The Carolina Panthers problem hasn't been building big leads this season, it has been keeping them.

Four times the Panthers have led by 17 points or more in the second half, only to watch an opponent storm back. All four games the Panthers have escaped with wins, but far too often it has been too close for comfort.

Coach Ron Rivera said he's "concerned" about his team's struggles closing out games, but refused to dwell on it as the Panthers stepped up preparations for Sunday's NFC championship game against the Arizona Cardinals.

"I'll be honest, I get it, I understand," Rivera said after the Panthers nearly squandered a 31-point halftime lead last weekend but held on to beat the Seattle Seahawks 31-24 in the divisional playoffs.

"But, shoot, we won those football games and look at who we played against. If this was someone that was 2-14 that did this to us, then I'd be really concerned. But it wasn't. Am I concerned? Yeah. But are these things correctable and fixable? Most certainly. Let's stay focused on what we did — we won the football game."

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Sunday wasn't the first time the Panthers have flirted with an epic collapse.

Carolina surrendered a 17-point fourth quarter lead in Week 8 to the Indianapolis Colts, falling behind by a field goal in overtime before rallying to win 29-26.

The following week against Green Bay a 23-point fourth quarter lead dwindled to eight before Thomas Davis sealed the win with a pick in the end zone in the final two minutes.

And in December Carolina let an entire 28-point lead slip away before Cam Newton led a late drive to set up the winning field goal as time expired.

Rivera said the common denominator in those four games was facing a top-tier quarterback, referring to Wilson, Aaron Rodgers, Andrew Luck and Eli Manning.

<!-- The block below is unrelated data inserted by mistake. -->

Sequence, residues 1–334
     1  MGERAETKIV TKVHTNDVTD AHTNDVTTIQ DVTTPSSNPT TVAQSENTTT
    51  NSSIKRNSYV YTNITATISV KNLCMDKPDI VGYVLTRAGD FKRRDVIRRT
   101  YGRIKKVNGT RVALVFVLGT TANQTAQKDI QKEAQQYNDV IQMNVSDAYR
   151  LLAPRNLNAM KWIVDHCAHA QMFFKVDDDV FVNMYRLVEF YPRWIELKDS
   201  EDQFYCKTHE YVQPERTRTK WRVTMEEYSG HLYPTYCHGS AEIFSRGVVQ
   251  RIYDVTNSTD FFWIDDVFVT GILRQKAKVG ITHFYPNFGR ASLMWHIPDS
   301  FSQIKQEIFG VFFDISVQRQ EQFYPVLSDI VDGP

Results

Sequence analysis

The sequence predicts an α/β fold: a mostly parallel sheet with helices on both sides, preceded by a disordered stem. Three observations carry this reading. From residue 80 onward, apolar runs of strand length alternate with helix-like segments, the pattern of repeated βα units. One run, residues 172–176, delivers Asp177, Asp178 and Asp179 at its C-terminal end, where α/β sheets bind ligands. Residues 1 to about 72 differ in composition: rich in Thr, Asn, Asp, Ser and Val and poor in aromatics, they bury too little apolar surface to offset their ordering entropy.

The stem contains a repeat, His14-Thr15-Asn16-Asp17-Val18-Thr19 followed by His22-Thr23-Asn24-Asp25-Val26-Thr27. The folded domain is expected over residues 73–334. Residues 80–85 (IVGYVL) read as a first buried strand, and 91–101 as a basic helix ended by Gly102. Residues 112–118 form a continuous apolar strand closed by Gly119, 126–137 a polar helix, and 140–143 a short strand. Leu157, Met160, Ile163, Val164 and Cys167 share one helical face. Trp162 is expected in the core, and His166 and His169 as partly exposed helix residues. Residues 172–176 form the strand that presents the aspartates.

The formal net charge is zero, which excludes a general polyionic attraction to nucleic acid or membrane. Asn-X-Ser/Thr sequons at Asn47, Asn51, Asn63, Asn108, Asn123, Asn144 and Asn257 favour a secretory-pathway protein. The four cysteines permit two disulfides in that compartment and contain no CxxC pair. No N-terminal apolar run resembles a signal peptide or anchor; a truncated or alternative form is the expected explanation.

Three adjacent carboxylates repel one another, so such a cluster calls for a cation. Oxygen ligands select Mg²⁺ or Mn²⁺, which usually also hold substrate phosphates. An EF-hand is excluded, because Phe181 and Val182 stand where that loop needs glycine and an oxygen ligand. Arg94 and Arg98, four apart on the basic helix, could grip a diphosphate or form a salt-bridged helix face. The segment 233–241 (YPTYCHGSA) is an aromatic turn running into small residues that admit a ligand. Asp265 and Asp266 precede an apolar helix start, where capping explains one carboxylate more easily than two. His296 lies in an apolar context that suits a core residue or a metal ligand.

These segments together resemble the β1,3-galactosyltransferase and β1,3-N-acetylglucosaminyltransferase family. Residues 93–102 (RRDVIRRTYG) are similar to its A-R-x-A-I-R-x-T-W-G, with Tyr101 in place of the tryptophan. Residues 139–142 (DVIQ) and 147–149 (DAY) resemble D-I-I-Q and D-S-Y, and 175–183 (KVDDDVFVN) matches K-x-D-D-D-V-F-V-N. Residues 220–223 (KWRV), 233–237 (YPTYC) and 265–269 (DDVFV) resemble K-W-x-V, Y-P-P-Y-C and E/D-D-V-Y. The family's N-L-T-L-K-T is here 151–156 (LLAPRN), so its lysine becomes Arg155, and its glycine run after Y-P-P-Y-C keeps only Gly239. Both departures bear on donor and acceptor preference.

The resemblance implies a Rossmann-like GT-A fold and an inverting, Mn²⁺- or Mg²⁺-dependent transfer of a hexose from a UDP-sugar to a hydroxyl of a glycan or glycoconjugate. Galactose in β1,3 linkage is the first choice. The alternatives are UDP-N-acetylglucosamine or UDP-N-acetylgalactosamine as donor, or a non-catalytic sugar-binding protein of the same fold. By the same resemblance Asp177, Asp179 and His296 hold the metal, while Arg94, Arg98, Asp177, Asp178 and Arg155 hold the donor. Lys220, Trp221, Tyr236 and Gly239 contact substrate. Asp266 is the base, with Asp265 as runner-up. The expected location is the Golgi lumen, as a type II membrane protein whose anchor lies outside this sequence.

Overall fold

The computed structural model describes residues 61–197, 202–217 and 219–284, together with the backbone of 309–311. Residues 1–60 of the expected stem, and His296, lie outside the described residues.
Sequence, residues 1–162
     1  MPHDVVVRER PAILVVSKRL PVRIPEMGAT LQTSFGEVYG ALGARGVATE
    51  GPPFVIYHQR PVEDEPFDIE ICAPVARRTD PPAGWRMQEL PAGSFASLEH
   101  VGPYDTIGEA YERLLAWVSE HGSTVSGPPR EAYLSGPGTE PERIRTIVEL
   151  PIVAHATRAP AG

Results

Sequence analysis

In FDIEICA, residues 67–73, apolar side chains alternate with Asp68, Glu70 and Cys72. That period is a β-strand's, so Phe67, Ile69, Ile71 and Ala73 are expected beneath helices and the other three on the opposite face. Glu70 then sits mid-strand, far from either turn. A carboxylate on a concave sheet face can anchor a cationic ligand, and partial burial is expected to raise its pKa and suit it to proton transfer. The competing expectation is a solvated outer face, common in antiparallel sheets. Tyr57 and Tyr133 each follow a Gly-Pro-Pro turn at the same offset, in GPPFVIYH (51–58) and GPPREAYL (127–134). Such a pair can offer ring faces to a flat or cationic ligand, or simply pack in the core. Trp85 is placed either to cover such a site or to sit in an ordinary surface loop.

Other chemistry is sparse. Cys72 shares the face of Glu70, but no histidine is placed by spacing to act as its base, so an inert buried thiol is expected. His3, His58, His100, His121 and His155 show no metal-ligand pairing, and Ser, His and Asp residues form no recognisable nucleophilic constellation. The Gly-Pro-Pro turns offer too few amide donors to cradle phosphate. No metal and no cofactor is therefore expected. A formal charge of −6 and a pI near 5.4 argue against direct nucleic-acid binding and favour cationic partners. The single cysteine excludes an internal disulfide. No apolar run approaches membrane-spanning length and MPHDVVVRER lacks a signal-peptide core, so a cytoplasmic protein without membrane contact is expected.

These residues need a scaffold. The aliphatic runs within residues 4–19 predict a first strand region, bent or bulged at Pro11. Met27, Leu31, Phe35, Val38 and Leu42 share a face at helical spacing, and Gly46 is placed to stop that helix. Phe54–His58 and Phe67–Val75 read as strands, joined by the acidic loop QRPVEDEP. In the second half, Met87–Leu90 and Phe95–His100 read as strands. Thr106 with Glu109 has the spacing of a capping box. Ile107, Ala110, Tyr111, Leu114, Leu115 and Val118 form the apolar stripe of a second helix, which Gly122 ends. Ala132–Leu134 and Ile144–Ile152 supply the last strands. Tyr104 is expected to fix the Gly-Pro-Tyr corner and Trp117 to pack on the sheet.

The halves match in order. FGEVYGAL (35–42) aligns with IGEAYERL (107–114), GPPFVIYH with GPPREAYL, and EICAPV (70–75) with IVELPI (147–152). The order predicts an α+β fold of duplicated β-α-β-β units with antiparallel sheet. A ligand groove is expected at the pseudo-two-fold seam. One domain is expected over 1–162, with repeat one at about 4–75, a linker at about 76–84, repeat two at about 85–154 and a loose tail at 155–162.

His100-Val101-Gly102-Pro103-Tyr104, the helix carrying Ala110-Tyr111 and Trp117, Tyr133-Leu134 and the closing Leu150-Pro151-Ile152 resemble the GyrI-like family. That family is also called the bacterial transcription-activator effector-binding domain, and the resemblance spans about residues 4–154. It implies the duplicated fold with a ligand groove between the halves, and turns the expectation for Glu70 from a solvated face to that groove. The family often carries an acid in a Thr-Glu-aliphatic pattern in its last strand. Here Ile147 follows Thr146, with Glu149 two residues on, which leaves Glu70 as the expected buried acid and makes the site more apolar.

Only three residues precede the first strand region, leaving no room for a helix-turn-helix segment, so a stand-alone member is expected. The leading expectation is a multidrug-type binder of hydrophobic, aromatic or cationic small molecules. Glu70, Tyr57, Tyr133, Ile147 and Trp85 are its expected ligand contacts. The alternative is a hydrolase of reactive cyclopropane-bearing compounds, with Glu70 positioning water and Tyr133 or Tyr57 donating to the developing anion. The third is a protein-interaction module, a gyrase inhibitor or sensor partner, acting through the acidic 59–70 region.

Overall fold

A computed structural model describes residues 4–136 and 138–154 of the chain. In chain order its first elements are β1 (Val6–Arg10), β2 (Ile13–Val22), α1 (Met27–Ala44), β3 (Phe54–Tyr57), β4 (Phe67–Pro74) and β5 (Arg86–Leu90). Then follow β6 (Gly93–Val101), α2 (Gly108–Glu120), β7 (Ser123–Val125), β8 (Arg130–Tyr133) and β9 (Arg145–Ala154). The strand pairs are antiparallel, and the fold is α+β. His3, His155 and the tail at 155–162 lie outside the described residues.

"When you get a big lead like that, one of the things is you have to learn to not relax," Rivera said. "You have to learn to continue to attack."

Warren Moon knows how difficult it can be to maintain a huge lead.

He was the quarterback for the Houston Oilers when they squandered a 32-point lead and lost 41-38 to the Buffalo Bills in the 1992 NFL playoffs.

Moon said keeping a lead "shouldn't be as difficult as teams make it," but that too often a big lead forces an aggressive team into a more conservative approach — on offense and defense.

Then teams tend to start looking at the clock, hoping to hurry it along. Moon said that is "a real death sign."

Moon worked as broadcaster at Sunday's Seahawks-Panthers game and noticed Carolina got away from what they were doing early in the game, particularly on defense.

"I've always said that the only thing prevent defenses do is prevent you from winning," Moon said. "With Carolina, they're an aggressive team. And when you take that away and start playing zone and giving up room, that is when you start giving up big plays."

The Cardinals have done a much better job of putting teams away after building big leads. But they did surrender a 19-point advantage against Seattle this year before coming back to win 39-32.

"As coaches, you tend to guard against the bad things that can happen and you don't want that to happen, so you've just got to keep your foot on the gas," Cardinals coach Bruce Arians said.

That isn't always easy to do.

"It's a fine line in keeping it wide open and also trying to call plays that are really good that also will keep the clock moving," Panthers offensive coordinator Mike Shula said.

Newton said too often this year the Panthers have "let the foot off the throttle" and lacked a killer instinct.

"Our philosophy, at times, was just to play keep-away," Newton said of Sunday's win.

He knows the Panthers can't afford to take the same approach if they get in a similar position Sunday against the high-powered Cardinals, who have the league's top-ranked offense.

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